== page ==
Press Release: Rwanda launches a unique intervention “1,000 days campaign in the land of a 1,000 hills” to combat Malnutrition
Kigali, Rwanda, 28 Sept 2013
– The Government of Rwanda has announced the launch of a unique campaign to combat malnutrition with an aim of improving maternal and child health in the country.
Launched by the Right Honorable Prime Minister, Dr. Pierre Damien Habumuremyi, the campaign is dubbed "1000 days" since it involves the 1000 days period - right from pregnancy through to the first two years of a child's life. This period is critical to a child's long-term mental and physical development.
The goal of the campaign is to improve the nutrition status of the vulnerable population - children under five years, pregnant and lactating mothers as well as school going children. It is a National Initiative which will run for an entire one thousand days and is targeted to reach all households in the country.
Malnutrition is a key public health concern in Rwanda. The 2010 Rwanda Demographic and Health Survey results showed that chronic malnutrition or stunting affects 44 percent of children under five years resulting in delayed growth.
According to the Rt. Hon. Prime Minister, malnutrition is clearly an issue of behaviour change where the knowledge, attitudes and practices on maternal, infant and young child nutrition need to be developed and sustained. "Families must understand the importance of good nutrition - appropriate care and feeding practices for children as well as pregnant women and lactating mothers.” Dr. Habumuremyi asserts.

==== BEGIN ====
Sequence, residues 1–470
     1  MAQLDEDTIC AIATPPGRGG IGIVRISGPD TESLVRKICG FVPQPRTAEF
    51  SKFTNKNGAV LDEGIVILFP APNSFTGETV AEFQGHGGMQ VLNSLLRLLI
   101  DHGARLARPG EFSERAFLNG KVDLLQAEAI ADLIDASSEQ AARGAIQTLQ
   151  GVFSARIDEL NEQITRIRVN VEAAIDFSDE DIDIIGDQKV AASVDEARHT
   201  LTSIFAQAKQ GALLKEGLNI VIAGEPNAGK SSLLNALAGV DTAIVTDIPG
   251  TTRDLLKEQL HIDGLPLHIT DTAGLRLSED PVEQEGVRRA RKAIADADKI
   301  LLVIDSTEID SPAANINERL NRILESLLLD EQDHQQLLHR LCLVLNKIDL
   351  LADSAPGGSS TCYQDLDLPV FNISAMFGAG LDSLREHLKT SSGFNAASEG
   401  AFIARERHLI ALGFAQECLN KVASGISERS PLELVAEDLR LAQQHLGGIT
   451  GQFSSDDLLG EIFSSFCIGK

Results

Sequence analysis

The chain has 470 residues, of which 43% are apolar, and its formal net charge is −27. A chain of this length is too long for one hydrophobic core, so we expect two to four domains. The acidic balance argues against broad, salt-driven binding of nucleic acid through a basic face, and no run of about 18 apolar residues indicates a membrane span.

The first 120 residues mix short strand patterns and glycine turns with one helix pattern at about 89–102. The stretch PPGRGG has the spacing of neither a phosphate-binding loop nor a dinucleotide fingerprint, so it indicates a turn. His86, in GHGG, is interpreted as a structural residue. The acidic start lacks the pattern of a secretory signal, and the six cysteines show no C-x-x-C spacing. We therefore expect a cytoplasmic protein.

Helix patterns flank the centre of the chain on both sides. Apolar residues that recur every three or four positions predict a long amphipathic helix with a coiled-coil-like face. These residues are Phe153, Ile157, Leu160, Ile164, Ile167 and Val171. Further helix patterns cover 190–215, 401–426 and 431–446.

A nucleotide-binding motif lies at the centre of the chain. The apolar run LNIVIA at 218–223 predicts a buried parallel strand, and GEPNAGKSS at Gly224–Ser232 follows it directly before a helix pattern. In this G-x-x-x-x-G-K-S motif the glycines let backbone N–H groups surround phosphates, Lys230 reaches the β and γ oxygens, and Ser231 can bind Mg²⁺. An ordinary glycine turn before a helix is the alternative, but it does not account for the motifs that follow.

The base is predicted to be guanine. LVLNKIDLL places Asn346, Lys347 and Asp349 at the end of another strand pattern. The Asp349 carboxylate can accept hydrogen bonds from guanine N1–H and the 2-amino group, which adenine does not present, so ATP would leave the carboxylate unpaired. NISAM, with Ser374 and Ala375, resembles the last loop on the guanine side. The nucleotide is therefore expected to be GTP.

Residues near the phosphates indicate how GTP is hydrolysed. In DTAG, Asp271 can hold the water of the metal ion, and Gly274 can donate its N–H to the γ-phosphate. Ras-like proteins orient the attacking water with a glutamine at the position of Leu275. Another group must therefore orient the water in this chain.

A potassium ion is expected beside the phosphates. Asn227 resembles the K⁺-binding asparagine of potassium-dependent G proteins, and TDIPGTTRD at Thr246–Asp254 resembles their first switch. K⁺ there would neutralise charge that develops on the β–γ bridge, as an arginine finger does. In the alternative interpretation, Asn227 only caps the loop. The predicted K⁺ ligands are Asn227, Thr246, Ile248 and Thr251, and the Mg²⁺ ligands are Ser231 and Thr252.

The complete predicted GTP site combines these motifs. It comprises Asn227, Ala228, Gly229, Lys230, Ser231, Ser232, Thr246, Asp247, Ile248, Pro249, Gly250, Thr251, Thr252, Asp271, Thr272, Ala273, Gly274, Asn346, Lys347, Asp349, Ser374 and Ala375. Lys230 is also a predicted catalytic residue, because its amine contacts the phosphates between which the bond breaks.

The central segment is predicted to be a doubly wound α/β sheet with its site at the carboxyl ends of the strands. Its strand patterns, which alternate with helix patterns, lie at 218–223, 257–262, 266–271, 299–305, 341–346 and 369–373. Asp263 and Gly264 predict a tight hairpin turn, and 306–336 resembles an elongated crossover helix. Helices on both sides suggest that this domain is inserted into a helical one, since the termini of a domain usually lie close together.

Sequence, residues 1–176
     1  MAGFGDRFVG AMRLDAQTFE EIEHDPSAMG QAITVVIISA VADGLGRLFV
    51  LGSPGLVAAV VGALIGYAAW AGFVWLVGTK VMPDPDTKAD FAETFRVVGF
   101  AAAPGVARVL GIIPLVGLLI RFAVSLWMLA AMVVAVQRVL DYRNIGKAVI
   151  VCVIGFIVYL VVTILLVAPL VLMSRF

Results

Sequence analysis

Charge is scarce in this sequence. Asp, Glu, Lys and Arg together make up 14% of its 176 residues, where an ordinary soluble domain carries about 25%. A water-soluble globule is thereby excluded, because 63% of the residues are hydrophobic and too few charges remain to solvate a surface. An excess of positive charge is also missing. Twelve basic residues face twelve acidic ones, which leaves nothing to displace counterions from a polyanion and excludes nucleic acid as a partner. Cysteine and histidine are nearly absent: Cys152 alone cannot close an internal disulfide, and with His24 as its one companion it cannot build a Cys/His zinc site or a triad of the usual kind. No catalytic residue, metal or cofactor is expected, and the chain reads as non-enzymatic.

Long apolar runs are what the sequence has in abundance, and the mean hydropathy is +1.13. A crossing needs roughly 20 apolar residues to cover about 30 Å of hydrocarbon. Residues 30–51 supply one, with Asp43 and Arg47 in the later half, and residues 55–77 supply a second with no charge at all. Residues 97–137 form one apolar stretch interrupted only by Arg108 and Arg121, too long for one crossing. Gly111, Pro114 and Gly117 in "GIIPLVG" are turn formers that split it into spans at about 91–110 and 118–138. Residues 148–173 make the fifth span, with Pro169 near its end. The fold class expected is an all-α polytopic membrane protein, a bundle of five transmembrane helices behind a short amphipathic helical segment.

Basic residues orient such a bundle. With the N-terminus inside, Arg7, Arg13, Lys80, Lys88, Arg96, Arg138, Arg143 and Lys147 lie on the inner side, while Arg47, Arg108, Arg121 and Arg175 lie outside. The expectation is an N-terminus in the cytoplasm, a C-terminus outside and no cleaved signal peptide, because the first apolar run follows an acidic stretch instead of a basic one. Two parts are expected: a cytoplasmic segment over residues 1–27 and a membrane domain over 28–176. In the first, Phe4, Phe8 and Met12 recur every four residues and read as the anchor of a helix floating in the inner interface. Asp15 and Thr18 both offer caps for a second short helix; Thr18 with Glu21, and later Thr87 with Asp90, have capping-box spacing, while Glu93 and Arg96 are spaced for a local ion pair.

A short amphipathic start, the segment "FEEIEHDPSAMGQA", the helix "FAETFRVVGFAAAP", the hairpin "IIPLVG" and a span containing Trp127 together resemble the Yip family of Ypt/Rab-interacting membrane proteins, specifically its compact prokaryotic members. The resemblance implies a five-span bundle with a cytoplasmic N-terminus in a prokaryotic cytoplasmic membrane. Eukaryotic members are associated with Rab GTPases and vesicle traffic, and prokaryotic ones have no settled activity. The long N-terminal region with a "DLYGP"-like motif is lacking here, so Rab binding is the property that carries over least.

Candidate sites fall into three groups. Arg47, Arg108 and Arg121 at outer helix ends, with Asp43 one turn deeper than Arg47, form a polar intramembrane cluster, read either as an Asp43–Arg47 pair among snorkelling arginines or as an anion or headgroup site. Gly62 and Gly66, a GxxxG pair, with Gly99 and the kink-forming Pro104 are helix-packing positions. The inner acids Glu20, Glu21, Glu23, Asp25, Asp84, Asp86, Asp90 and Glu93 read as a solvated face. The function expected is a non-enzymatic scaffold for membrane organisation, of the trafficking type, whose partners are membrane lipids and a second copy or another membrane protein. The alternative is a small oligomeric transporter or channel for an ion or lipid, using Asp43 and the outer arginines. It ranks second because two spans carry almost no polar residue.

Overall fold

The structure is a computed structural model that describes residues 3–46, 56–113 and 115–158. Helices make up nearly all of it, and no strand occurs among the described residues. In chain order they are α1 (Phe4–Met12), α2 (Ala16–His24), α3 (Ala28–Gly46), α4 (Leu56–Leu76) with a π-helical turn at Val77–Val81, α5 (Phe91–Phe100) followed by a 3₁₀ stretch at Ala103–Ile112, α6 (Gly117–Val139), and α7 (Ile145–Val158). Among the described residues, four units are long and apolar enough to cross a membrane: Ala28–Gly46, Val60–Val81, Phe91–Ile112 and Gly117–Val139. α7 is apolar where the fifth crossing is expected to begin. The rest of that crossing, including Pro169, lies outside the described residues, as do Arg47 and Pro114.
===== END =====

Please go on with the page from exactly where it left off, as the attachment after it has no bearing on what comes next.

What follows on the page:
“It is a not a one day event but a 1,000 days with an event everyday for fighting malnutrition. This campaign after a 1,000 days, we should have a country that doesn’t look like what it is today - when we look at a child.” said Hon. Dr. Agnes Binagwaho, Minister of Health during a recent workshop.
Social mobilisation is one of the key components of the Initiative. UNICEF as part of the One UN has supported a number of components of the campaign including social mobilisation.
“The role of the husbands and fathers are extremely important in ensuring their pregnant wives and their children get the right nutrition during this critical period,” echoed Noala Skinner, Representative of UNICEF Rwanda.
It is believed that investing in better nutrition in the first 1,000 days window will help families, communities and countries to save lives, reduce risk to disease and their related human and economic burden.
For more information, please contact:
Siddhartha Shrestha, Chief of Communication, Advocacy & Partnerships,